Structure of Society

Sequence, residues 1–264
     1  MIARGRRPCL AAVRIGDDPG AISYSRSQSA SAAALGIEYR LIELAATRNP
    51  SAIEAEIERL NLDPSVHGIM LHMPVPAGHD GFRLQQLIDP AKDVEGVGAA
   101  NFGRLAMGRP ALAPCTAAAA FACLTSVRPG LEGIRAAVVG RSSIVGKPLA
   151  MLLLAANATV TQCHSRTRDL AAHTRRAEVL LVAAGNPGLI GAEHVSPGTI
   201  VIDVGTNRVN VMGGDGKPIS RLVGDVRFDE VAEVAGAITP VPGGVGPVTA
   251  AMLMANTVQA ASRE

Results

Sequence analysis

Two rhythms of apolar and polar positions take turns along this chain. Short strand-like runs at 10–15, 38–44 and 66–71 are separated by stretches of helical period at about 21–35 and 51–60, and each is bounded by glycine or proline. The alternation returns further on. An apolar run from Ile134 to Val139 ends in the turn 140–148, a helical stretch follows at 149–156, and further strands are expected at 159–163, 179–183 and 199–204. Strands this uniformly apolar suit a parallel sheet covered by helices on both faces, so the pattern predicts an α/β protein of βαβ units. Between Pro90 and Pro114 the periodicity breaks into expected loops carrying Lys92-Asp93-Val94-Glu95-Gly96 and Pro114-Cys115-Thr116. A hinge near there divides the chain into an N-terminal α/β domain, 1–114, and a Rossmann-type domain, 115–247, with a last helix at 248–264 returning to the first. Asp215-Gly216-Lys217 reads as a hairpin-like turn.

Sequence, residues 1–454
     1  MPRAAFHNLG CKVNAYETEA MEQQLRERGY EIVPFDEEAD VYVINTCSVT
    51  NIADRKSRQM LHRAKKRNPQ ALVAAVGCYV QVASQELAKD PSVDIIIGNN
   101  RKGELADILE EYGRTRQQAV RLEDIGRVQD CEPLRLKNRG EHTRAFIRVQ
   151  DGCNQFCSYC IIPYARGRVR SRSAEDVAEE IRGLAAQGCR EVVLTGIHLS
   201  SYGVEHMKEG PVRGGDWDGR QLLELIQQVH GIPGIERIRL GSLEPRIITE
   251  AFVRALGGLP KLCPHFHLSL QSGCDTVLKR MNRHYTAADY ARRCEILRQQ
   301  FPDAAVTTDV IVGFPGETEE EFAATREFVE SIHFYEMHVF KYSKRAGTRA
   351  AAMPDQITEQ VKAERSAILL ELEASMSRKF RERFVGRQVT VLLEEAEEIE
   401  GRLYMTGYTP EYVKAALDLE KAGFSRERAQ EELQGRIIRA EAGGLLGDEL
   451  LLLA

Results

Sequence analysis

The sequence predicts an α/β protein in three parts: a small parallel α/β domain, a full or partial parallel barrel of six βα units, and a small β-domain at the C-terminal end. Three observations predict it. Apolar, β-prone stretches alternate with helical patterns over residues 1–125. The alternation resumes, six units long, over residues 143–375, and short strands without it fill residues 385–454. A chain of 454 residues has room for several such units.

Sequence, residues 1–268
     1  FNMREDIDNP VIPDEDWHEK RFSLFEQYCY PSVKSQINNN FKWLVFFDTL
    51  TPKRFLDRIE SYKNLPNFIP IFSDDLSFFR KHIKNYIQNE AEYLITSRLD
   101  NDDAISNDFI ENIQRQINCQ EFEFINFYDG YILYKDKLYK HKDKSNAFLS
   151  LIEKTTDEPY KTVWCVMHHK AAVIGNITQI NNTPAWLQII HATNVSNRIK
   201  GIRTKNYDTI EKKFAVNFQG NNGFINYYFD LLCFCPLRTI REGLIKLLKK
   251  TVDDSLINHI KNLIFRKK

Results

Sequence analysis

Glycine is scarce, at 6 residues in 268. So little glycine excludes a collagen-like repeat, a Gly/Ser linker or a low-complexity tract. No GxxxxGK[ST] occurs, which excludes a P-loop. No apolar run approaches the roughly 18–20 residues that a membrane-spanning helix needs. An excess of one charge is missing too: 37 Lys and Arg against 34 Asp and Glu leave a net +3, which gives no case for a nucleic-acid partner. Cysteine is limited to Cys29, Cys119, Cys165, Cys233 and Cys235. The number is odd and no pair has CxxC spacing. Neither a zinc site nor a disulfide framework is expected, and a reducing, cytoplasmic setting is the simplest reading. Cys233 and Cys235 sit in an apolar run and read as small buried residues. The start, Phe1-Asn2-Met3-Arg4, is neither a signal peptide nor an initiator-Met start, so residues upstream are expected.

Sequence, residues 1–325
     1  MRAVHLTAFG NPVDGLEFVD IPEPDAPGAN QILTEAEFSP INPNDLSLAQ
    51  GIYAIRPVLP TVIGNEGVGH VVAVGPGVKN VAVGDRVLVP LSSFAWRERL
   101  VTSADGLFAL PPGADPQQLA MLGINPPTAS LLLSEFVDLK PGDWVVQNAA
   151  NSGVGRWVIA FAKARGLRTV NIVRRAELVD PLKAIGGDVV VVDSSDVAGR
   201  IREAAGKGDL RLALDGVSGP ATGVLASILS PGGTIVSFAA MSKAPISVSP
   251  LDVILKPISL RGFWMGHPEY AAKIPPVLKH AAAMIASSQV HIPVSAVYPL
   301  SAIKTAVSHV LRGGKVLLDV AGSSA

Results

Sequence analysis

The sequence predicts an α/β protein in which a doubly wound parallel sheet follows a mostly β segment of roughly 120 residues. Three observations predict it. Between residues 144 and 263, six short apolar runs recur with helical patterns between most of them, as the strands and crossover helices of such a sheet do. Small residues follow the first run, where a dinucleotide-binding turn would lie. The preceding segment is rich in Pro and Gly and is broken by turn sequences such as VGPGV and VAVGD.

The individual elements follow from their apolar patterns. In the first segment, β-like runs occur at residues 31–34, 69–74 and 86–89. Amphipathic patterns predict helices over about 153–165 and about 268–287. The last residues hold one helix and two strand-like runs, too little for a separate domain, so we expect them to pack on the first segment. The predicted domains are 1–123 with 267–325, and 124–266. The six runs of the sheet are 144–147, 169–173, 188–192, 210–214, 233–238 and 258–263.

Contemporary Turkish society has evolved both as a consequence of and a response to the major socioeconomic changes initiated by the republican government since the early 1920s. A predominantly agrarian society with little industry and high illiteracy rates when the Ottoman Empire collapsed at the end of World War I, Turkey by the 1990s had become a predominantly urban and industrialized society in which mass public education and the ability to vote for government leaders in competitive elections are regarded as basic rights. Accompanying the changes has been the growth of new classes and interest groups, especially in the large cities, where the demands of entrepreneurs and industrial workers are championed by various political parties. A notable characteristic of many government programs aimed at inducing specific socioeconomic changes, however, has been the penchant of ruling civilian and military elites for implementing policies without consulting those who might be affected and for using force whenever popular resistance is encountered. One consequence of this approach has been the gradual creation of two distinct cultures in Turkey: a secular, elitist culture that defines what is progressive and modern; and a mass culture that continues to be influenced by Islam, whether in its traditional, mystical, modern, or radical interpretations.
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